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What Is Mount Rushmore?

By Sheri Cyprus
Updated May 23, 2024
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Mount Rushmore is a granite mountain in the Black Hills of South Dakota that features the carvings of the likenesses of four presidents' heads. The carvings of George Washington, Thomas Jefferson, Abraham Lincoln, and Theodore Roosevelt were done by sculptor Gutzon Borglum. The official name for Borglum's spectacular sculpture is the Mount Rushmore National Memorial, but the name is commonly shortened.

The mountain was named after a lawyer, Charles E. Rushmore, who dealt with Black Hills mining claims in 1885. Borglum began work on the gigantic sculpture on 10 August 1927, and he chose the particular mountain he did both for the consistency of the granite and the direction of the sun as he worked. His sculpture took 14 years to carve, as he worked on the piece gradually.

Low funding and bad weather conditions forced Borglum to delay the work for long periods of time, but he worked on it whenever he could. The end cost of the carving was $900,000 US Dollars (USD). Borglum was an expert artist before beginning the project, and he studied under the famous French sculptor Auguste Rodin.

Mount Rushmore

The presidents carved on Mount Rushmore are said to symbolize American freedom and democracy. George Washington signifies the fight for independence, while Thomas Jefferson stands for the notion of a people's government. Abraham Lincoln symbolizes the concept of equality and the union of the states. Theodore Roosevelt represents the international importance of the United States in the 20th century.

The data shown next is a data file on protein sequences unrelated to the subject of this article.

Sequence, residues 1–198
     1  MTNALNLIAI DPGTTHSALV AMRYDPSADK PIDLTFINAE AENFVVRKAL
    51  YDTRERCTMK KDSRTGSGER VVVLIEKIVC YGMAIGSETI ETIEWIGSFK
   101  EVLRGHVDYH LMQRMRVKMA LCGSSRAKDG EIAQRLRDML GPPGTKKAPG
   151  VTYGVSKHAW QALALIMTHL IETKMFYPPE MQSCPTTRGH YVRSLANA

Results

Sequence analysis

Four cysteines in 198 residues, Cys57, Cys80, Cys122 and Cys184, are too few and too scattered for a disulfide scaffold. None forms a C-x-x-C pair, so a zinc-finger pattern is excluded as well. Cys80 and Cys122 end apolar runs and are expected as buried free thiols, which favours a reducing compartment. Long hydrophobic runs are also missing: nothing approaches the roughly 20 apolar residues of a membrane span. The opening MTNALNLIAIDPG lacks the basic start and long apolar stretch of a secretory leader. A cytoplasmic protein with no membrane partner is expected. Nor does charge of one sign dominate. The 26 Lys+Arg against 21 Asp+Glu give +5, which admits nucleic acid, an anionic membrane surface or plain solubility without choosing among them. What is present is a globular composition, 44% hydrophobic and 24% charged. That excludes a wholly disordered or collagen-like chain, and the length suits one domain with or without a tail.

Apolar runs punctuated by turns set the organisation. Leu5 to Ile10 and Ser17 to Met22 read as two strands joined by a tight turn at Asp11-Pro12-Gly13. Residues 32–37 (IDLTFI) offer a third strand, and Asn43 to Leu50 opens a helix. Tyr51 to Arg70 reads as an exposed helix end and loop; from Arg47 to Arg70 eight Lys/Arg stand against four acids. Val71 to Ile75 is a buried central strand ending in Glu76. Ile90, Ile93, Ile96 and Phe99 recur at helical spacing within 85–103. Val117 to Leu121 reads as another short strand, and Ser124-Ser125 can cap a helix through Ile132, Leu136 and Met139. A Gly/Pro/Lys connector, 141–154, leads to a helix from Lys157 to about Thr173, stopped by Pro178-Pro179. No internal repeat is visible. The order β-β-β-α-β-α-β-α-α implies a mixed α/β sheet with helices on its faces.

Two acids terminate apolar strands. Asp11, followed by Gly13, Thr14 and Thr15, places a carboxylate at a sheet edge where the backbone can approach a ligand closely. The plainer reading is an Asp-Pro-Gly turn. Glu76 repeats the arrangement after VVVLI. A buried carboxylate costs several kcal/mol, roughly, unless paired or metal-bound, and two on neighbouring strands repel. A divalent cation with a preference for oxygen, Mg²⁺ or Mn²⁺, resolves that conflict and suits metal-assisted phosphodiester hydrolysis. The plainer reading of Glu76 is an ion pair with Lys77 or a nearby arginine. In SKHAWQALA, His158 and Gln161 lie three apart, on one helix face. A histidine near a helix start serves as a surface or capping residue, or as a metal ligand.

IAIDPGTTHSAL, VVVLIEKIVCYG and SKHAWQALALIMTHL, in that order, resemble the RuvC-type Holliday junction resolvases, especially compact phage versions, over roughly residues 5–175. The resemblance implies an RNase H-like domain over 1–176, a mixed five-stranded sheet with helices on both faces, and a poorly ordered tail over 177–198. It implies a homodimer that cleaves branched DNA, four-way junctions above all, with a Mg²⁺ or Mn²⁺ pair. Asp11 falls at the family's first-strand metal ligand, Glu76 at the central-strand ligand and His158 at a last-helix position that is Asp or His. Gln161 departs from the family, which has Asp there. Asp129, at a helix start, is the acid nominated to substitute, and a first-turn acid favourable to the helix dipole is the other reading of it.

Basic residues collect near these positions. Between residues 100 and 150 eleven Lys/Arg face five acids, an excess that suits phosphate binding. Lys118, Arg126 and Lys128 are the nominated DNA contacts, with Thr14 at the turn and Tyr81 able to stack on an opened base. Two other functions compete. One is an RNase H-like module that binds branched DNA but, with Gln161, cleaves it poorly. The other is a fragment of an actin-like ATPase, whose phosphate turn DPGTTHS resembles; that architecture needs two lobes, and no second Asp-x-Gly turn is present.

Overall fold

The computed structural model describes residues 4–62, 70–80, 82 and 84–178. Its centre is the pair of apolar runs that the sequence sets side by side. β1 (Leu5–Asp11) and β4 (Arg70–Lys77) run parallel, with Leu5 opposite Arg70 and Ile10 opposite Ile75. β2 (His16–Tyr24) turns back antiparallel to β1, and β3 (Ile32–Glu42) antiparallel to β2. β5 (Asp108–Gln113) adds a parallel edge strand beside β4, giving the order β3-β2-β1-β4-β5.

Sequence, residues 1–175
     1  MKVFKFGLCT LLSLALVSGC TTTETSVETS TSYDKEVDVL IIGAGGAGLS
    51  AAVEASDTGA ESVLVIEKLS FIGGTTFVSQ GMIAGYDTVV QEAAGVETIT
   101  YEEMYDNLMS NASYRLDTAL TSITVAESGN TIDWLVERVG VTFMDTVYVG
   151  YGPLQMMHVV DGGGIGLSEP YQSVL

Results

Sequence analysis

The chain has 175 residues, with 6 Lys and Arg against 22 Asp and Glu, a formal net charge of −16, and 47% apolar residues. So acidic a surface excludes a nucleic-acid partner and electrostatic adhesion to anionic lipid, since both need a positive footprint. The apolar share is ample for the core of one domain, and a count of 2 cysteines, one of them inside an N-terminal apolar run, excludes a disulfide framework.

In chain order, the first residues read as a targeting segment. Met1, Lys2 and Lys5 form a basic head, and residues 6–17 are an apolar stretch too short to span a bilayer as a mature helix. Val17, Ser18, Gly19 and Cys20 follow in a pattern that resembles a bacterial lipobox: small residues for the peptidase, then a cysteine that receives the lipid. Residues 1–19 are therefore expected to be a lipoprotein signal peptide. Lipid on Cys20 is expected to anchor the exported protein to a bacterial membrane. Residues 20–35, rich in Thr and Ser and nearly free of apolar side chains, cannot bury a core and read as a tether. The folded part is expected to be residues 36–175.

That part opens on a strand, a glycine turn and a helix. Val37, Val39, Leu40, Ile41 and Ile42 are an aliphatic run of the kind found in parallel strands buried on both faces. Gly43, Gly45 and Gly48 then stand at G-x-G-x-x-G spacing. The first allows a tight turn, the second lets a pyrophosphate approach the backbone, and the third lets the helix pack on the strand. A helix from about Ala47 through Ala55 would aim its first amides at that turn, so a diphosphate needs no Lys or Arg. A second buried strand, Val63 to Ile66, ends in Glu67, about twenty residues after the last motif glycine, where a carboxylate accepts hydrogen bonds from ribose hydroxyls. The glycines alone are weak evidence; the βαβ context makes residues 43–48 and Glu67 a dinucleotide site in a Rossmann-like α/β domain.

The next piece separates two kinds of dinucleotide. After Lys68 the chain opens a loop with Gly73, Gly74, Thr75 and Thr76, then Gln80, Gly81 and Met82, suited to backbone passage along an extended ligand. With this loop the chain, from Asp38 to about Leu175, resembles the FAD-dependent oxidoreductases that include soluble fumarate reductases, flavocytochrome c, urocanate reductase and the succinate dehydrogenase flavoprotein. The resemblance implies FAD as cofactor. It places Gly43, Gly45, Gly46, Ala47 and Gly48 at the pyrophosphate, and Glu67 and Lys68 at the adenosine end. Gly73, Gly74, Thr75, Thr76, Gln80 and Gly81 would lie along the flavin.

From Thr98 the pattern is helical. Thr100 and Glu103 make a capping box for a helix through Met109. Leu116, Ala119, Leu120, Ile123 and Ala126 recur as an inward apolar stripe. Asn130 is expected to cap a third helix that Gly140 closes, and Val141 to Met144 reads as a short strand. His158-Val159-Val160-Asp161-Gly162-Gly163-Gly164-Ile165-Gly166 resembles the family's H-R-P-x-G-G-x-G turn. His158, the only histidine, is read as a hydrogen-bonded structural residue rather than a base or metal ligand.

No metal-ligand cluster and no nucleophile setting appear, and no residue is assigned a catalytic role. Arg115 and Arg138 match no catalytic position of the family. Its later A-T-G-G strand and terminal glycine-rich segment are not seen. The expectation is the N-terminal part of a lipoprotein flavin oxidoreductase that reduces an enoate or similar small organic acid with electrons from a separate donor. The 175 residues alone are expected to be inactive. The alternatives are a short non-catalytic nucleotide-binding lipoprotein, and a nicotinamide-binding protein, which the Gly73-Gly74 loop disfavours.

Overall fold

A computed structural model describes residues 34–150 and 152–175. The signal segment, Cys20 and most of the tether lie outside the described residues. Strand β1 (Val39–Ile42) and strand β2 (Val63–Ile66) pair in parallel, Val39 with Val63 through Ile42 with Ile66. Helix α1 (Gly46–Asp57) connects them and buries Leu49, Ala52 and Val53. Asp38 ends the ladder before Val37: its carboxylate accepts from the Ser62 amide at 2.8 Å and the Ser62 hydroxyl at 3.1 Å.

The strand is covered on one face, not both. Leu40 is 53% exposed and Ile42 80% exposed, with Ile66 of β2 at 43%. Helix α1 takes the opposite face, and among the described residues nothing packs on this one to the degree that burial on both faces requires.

Borglum's original plan was to carve the entire bodies of the presidents into the mountainside, but time and cost did not allow it. He carved Washington's head first, then Jefferson's and Lincoln's. The sculptor was nearly finished Roosevelt's head in 1941 when he died. Borglum's son finished Roosevelt's head to complete the monument later in 1941.

Mount Rushmore

Mount Rushmore was redeveloped in 1998 at a cost of $56 million USD. The Lincoln Borglum Museum shows a 13 minute film about the carving of the sculpture, and a hike on the Presidential Trail leads to the base of the mountain. The attraction includes dining venues, a bookstore, and a gift shop. Children's activities are available during certain times of the year. Each night, the mountain carvings are illuminated for a few hours after dusk.

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Discussion Comments

By julies — On Oct 17, 2012
I was in my 40s when I saw Mount Rushmore for the first time. We took our horses out to that area to ride on the equestrian trails. I knew we couldn't go that far without stopping to see Mount Rushmore.

I consider myself a patriotic person and was in awe at what I saw. It reminded me of what a great country we live in and how the leadership of the early presidents' helped shape our nation into what it is today.

By LisaLou — On Oct 17, 2012

I have been to Mount Rushmore national park more than once and am always fascinated with the area. Sometimes you feel like you are in the middle of nowhere, but yet there are plenty of tourist attractions close by.